But here you are, at the edge of the sea. Finally at the shore. Finally at the bridge from sea to sky, horizon.You have crossed such distance that it can only be described as time, as memory. And tonight, you cross this bridge to continue your journey from youth to adult. And it is a miracle. It is a wonderment that you have arrived, it is a testament to your strength. To the ancestors. To the power of the communities you’ve have built, and to the power deep within your own souls. You cross this bridge, and we join you in the deep overwhelm and the relief of living.

And in that same joy, that same wonderment and awe, you grieve deeply and unfathomably. Some of you made it across that great and terrible ocean, and some of you did not. Some parts of you made it across that great and terrible ocean, and some parts of you did not. The only thing left to do is to honor what was lost, what was taken too early, what never should have been taken at all. All we can do is name what we can name and raise up a new land of justice.

So as you bridge, drop your stone into the ocean, remember what has been taken and what you have gained. Grieve as you may and honor as you must. And as you cross this bridge, celebrate your being here. Your journey was a long and perilous one, and here you are anyways. You have been lost, and found yourself over and over again. The shells and stones whisper the story of you, of us. Your stories are twisted, are joy and pain, are sweetness and sorrow, are celebration and grief, all in the same breath. All in the same ocean.

Leave your grief, lay your burden down. Pick up your story, your blessing. Celebrate the miracle of yourself. We honor this moment, this split second in time. And we work towards our future, bringing every story of our lives, the journey never over. The story never ceasing.

We invite you now, to drop the stone, to cross the threshold and to name yourself.

Invocation of Change and Revolution

Iris Chalk: May we enter now into a space of transition; we have honored those parts of our journeys experienced thus far, may we now begin to bless the unknown.
May we step into uncertainty, onto paths we've yet to cross, but will meet soon.
May we do justice to our lives thus far by experiencing those paths to their fullest potential:

  • By listening to the whispers of the ones we used to be as they guide our dreams and hopeful visions for the future.
  • By honoring the aspects of ourselves lost and broken, remembering them as parts of our journeys, holding them in the deepest love.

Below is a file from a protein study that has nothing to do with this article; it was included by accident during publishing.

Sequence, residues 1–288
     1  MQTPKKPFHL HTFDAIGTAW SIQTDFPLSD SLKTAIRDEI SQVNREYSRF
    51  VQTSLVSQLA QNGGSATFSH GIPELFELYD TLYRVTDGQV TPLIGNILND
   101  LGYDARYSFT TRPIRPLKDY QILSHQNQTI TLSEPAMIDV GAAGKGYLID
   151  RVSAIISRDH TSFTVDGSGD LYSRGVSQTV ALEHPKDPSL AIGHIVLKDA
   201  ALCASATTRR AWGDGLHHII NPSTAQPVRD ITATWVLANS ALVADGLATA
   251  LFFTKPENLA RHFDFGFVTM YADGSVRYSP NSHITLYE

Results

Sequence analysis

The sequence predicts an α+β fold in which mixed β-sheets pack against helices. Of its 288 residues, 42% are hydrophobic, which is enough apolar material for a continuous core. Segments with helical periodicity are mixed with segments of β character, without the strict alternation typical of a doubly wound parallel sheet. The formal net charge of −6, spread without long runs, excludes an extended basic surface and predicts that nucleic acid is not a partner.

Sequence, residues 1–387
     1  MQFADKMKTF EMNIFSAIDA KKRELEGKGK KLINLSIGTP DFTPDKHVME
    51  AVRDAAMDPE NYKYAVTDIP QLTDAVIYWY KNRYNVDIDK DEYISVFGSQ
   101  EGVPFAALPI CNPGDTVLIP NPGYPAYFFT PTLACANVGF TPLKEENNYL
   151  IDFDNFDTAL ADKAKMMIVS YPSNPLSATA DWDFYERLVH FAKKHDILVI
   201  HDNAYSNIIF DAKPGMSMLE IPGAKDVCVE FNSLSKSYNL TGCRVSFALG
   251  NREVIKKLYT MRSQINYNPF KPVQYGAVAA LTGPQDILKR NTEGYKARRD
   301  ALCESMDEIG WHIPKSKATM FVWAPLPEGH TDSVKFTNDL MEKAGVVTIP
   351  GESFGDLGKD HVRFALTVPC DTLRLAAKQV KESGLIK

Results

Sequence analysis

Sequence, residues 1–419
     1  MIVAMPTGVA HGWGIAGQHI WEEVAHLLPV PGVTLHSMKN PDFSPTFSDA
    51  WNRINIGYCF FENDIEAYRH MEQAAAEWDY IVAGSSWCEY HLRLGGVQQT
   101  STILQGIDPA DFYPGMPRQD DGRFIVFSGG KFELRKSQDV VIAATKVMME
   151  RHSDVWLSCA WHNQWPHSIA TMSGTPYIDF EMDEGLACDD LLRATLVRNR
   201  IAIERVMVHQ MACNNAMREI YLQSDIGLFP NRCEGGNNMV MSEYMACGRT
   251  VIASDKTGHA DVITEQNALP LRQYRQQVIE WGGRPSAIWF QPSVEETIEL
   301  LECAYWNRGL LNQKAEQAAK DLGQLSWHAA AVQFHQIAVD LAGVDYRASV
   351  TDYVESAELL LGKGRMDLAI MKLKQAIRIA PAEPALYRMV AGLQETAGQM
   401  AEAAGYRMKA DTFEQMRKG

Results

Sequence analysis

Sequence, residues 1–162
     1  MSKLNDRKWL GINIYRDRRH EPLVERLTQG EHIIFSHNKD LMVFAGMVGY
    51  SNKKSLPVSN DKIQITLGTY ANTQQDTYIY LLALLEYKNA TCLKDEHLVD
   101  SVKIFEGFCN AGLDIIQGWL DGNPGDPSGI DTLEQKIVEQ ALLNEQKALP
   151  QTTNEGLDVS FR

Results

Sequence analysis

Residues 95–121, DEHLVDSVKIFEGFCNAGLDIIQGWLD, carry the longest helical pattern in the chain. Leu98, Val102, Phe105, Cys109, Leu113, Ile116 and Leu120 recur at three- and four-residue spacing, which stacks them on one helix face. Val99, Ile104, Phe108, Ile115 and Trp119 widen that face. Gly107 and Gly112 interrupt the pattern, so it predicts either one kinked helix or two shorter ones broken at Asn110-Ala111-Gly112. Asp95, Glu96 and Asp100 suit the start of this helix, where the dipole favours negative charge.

• By stepping forth from here, into this world, with a promise of justice radiating from our beings, calling for revolution.

Calling for a time when our playful, curious, unrelentingly joyful experiences as children do not become mere memories as youth.
A time when we do not have to endure so much trauma, grieve all the losses of our dear friends and of parts of ourselves.
A time where we breathe and live and love and dream freely, finally.

This is where we prepare for unknown paths. This is where we hold one another with our promises, our fierce love. This is where we are called to grow.

Charge to the Congregation

Emerson Finkle: In my congregation growing up, our bridging ritual always involved an actual bridge. It was stored in a back closet, taking up a ridiculous amount of space only to emerge once a year when another class of youth would transition into young adulthood. I remember watching this ritual, transfixed. Parents walked their child to one side, the bridger shuffled awkwardly across, and they were greeted by whichever young adult member was in church that day. This ritual was meant to be a time to reaffirm promises to young people in our congregation. But all too often, we see our youth to the bridge and then stop there, waving to them while we stay behind. But bridging is not the severing of a tie. It’s the stretching of that tie, it’s a challenge to our relationships with our bridgers. It’s not enough to wave goodbye and throw our fledgling young adults to the wind. We have an obligation to continue supporting them in new and different ways. In ways that honor this transition in their lives.

To congregations touched by bridgers now moving away, do not let your connections to them disappear. Get their new addresses. Send them cards congratulating them on milestones. Send cards reminding them that they are loved. Send cards offering a reading you heard and thought of them. Friend them on Facebook, follow them on Instagram and send all those same things virtually. Remain connected to the emerging adults in your congregations and they will remain connected to Unitarian Universalism. But wave goodbye permanently and they may feel as though they are no longer welcome in your congregation or in our faith.

To congregations who find emerging adults at your doorstep, welcome them in with excitement. Let them know that you’ve been waiting for them. Offer rides to church or the potluck Thursday night. See if they want to serve on the board. Learn about their interests. Start conversations with them during coffee hour. And when they move on yet again, mark that transition too. Don’t let yourself be left wishing you’d have gotten to know them better.